SLARS - Student Loan Auction Rate Securities Behind Many ARS Problems

There is a class of auction rate securities - SLARS - that are causing many of the problems in the ARS market. Their auctions have failed and they have low reset rates. The investment banks are going to have to figure out how to bail them out.

When Citibank announced it was going to cash its customers out of illiquid auction rate securities, many people didn't realize that a large bulk of those illiquid securities were what's known as SLARS - Student Loan Auction Rate Securities.  Like the preferred auctinon rate securities issues by Pimco and other investment banks, SLARS have low reset rates, and as a result haven't been called. 

Accrued Interest writes:

"There is a key element of this that hasn't been well reported. A very large percentage, something like 80%, of the true "municipal" auction-rate securities have either been refinanced or are actually succeeding at auction."

It's now going to be up to the investment banks to figure out how to makes these securities liquid in some way.  Most likely they'll try to repackage them and issue bonds to raise the money to cash out the original auction rate holders.  The success of this will depend on the quality of the underlying assets and the market environment.  I'm not exactly sure how the cash raised by issuing auction rates was issued by student loan organizations but if defaults start to occur in the student loan market then one could expect these securities will lose value and will become harder to repackage.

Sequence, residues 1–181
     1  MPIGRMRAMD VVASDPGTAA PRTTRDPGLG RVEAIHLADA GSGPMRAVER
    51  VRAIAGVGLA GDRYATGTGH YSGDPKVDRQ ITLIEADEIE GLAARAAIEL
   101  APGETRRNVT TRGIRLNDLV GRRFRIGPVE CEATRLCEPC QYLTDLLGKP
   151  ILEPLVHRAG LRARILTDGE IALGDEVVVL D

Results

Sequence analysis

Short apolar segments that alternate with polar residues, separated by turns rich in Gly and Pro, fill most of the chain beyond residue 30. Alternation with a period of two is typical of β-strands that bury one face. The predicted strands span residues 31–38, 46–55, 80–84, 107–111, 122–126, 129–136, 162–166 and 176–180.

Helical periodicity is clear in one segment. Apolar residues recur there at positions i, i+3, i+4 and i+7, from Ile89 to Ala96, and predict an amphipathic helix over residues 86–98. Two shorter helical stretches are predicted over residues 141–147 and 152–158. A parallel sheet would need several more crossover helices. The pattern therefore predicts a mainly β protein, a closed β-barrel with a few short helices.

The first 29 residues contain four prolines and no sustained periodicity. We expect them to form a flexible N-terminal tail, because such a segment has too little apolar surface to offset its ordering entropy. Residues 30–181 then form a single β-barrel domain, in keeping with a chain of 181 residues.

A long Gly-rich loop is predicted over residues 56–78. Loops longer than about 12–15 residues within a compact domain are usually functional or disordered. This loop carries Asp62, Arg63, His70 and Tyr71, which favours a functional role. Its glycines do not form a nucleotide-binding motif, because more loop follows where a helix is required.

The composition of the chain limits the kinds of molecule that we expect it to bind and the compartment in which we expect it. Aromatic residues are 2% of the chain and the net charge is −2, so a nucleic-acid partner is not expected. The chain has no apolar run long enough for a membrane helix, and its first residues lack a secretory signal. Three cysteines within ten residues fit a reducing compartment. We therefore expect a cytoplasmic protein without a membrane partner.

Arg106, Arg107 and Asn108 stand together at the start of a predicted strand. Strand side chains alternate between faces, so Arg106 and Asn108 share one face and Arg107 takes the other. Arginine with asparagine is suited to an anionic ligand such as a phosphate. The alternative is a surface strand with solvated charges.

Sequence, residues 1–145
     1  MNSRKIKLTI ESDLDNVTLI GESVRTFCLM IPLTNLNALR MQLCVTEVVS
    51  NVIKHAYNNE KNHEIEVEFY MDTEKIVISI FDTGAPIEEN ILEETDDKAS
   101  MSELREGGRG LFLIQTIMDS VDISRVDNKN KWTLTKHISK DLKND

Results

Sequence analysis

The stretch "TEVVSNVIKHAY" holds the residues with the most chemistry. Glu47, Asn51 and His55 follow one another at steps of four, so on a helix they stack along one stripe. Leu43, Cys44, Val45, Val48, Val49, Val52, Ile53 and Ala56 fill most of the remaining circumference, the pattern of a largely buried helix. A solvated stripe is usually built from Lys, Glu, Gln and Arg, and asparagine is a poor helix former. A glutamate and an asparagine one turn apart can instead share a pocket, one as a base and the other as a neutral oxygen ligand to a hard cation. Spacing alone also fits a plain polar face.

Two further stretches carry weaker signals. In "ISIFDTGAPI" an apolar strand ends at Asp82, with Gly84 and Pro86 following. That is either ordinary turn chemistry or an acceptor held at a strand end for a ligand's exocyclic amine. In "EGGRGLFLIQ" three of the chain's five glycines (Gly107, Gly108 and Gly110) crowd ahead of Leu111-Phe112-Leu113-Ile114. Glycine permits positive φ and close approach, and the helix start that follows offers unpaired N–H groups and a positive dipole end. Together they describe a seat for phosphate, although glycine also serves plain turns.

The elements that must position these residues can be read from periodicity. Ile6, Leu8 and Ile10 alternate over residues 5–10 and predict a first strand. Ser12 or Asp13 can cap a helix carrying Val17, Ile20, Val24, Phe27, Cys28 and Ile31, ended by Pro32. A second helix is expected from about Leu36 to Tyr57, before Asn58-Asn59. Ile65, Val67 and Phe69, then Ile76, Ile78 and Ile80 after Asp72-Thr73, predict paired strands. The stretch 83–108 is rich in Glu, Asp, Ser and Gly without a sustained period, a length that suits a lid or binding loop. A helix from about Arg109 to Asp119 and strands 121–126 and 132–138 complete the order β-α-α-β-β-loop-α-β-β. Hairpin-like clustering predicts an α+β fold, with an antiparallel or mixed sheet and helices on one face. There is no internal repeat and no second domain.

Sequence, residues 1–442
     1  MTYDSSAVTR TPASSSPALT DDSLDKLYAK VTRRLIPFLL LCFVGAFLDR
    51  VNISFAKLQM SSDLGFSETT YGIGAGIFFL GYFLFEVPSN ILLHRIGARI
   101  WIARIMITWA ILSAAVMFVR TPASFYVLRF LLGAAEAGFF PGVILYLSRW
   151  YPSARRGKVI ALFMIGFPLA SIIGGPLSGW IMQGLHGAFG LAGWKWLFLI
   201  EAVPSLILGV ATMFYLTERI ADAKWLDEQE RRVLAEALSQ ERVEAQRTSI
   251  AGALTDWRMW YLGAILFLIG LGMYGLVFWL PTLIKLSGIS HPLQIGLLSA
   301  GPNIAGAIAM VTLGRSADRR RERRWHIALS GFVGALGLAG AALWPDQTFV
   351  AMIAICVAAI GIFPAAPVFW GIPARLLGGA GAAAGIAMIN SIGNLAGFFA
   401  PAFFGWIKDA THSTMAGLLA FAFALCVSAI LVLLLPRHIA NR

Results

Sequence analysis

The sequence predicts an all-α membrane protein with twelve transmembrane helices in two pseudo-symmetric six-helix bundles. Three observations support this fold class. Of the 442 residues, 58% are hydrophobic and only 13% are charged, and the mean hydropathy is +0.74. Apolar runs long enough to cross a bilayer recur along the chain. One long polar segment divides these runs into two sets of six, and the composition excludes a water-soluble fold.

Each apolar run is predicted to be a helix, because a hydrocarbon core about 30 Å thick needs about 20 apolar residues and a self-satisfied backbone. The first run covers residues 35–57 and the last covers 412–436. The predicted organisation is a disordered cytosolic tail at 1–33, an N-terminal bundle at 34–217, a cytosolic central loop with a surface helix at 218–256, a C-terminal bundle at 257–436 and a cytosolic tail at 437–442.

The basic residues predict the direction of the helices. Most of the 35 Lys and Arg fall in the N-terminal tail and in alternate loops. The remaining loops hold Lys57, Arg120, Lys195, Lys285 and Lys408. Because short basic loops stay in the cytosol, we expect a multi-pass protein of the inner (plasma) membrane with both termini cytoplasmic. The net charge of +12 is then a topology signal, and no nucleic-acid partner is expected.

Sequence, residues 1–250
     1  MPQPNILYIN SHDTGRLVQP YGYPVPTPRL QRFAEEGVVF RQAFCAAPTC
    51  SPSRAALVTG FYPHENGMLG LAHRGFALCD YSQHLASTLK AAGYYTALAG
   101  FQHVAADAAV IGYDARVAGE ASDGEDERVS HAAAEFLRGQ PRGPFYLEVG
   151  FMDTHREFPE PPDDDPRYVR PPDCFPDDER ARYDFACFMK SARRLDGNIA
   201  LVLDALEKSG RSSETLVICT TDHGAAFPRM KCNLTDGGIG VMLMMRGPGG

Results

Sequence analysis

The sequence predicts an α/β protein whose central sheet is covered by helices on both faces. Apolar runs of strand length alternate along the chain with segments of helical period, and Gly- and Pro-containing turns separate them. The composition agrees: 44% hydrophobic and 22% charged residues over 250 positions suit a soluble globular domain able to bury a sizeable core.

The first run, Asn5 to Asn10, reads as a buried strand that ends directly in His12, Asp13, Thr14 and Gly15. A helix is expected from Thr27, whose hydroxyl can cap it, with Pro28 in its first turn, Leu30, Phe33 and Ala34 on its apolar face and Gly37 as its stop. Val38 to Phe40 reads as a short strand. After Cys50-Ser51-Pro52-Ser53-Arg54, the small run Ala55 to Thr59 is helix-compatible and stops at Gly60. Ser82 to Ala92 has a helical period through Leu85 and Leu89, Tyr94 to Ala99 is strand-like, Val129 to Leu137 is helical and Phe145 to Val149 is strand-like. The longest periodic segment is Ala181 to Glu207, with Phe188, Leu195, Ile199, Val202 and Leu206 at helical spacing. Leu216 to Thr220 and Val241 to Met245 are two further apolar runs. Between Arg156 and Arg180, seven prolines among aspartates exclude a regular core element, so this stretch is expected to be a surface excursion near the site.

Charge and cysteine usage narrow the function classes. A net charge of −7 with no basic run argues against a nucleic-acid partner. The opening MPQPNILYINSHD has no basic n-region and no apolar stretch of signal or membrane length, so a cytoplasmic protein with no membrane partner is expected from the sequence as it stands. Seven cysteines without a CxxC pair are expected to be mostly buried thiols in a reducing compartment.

One hopes that Citibank, Wachovia, UBS, etc. find a way to repackage these instruments so that holders can be cashed out.

Sam Cass
Sam Cass: Sam Cass, MBA, JD, University of Texas at Austin. Always a fan of Leonardo Da Vinci.

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